Now that the company has built a new “molecular building” on Minkauva’s site, a major milestone for the company’s work on the development of the device, it is looking to the future.
Minkai, which is part of the UK-based Molecule Group, is a manufacturer of low-power devices for medical applications, but it is also looking to develop a device that could revolutionise the treatment of cancer and other serious diseases.
The device is expected to be ready for commercialisation within two years.
It is the first new molecular building ever built by the company, and its the first of its kind in the world.
It will be the first to be built on the site since the start of construction in 2010, and is set to be the world’s first commercial device for the development and manufacturing of the chemical compound N-glycolyl-2-phenylalanine (GNPA), a key ingredient in a cancer drug called CART.
The project is expected cost around €10 million and will be financed by the European Union.
The company is looking for new partners for the project.
“The project aims to use the Minkauras existing mineral building site to develop innovative and scalable manufacturing processes to produce nano- and mesophilic nano-structures,” a spokesperson said.
“The nano-architectures are expected to improve the quality of the nanomaterials by up to 10 times compared to the traditional method.”
The company has secured a grant of €1.8 million from the EU to build and test the first nano-mimetics, but a decision is yet to be taken on whether to go ahead with commercialisation.
We are looking at what we can do in the next five years to be able to put it in the hands of the people of Ireland, he added.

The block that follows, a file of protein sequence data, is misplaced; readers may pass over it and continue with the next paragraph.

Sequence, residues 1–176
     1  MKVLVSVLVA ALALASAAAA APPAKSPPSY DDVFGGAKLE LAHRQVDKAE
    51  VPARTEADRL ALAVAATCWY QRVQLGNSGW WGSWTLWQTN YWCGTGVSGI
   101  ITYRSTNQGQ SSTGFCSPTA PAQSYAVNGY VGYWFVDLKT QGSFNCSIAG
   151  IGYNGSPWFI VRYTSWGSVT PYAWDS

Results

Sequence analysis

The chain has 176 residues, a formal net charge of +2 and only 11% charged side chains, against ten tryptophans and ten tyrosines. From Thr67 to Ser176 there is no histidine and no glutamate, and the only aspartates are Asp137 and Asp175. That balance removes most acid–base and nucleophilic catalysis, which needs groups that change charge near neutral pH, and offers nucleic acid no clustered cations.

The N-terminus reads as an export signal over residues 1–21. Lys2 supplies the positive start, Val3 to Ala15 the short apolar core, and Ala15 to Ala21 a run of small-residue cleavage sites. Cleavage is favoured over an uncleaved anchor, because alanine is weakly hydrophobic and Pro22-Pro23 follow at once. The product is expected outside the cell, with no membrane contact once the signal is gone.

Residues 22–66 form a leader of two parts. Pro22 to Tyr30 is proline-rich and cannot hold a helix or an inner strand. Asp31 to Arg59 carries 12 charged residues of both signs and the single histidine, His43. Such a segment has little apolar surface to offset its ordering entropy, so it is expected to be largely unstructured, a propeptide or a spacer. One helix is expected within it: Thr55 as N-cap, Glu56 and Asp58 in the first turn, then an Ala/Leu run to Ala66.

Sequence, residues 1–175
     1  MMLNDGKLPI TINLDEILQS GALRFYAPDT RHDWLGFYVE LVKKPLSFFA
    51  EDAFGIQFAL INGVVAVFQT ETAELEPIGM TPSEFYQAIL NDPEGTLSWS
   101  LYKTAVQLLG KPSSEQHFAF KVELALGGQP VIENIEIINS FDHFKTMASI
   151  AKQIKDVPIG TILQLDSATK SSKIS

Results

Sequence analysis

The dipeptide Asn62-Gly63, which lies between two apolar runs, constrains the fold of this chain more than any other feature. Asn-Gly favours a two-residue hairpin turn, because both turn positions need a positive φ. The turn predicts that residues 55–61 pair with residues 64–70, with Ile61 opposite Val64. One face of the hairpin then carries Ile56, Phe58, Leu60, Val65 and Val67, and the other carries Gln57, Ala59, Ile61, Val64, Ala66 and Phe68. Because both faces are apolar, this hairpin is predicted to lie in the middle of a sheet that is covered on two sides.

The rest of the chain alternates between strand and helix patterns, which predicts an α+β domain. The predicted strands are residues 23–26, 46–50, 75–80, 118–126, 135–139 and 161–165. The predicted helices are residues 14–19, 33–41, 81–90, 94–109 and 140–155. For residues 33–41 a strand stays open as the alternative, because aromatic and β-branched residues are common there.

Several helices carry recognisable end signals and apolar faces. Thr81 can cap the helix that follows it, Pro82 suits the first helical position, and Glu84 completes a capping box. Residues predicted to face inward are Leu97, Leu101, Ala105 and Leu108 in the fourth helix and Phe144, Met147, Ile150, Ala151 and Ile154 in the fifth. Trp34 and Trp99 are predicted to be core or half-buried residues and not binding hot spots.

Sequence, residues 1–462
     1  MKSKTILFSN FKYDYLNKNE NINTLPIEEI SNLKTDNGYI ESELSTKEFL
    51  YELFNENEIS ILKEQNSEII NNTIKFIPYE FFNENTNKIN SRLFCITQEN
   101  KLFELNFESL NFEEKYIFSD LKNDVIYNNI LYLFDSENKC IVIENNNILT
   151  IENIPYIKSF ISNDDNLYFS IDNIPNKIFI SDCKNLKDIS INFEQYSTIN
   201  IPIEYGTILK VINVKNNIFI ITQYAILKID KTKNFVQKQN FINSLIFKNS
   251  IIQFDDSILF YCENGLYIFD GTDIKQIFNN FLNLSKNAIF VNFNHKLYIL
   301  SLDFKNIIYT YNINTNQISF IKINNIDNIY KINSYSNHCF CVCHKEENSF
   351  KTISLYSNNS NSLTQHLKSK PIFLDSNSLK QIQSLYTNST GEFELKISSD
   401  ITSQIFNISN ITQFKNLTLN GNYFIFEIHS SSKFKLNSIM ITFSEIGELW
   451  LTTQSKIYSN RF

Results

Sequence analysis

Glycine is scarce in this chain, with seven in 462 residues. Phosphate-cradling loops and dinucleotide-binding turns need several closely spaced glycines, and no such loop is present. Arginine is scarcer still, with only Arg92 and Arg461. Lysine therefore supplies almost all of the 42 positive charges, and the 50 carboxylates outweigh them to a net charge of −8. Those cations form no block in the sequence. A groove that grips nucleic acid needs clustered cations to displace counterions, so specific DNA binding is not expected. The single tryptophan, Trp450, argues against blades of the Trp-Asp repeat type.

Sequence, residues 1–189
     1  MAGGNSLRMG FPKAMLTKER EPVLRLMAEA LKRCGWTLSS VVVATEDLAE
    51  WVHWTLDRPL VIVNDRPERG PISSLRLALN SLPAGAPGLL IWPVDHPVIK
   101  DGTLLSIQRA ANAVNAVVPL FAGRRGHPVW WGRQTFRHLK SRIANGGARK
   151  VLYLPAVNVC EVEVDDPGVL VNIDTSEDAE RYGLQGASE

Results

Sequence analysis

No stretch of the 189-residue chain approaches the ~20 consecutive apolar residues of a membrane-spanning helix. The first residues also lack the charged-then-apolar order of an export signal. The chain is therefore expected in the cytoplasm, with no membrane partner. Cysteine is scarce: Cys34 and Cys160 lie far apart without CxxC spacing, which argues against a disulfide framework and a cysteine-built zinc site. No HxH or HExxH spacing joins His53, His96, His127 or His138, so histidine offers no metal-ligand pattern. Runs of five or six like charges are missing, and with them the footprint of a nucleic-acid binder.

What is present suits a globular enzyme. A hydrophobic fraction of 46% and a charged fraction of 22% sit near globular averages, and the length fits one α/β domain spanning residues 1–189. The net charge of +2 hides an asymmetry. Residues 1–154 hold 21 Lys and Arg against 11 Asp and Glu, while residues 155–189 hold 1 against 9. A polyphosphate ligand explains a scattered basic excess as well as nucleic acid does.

However, the company is working closely with its UK and US counterparts to find a way to use Minka and its Minkae site for the next phase of development.
CART, which was developed using the nano-electronics, was first tested on a pig at the start, but now, the team is keen to build on the success and use it in patients with cancer.
“We are now looking at all of the opportunities that are in front of us to use nano-mechanical structures for clinical applications,” said Professor Dermot Kavanagh, head of Molecular Biology at the University of Dundee.
“These structures are the next frontier in medical devices and it is important that we get this technology into clinical trials, where it is most likely to benefit patients.”
“We have been looking at the potential of these nanomimetics for many years,” said Dr Mark Smith, Head of Molecular Physics at the Molecule Group.
“Now, we have a new technology to help us achieve that goal.
It is an exciting time for the Molescule Group.”
In addition to building a new compound, the NanoMolecule Building is also expected to lead to the development, manufacturing and use of a new type of nano-device.
These nano-devices are made of metal nanoparticles and have an outer layer of carbon atoms which is composed of a polymer layer.
The carbon layer acts as a coating and allows the nanoparticles to act as an insulator.
While the nano structures are generally very small and can be manufactured with very little technology, the first type of nanomemetics that are likely to be produced are the ones that are the smallest, as these will allow the nano device to be placed on the skin of a patient.
There is currently no indication of when a new nano-building could be built in the UK, but in the US it is already in development.
“Our nanomodules have been developed for use in the skin for skin grafts,” said Kavanagh.
“We believe they can also be used in the clinic, where they can help reduce pain and inflammation and enhance the quality and quantity of the skin.”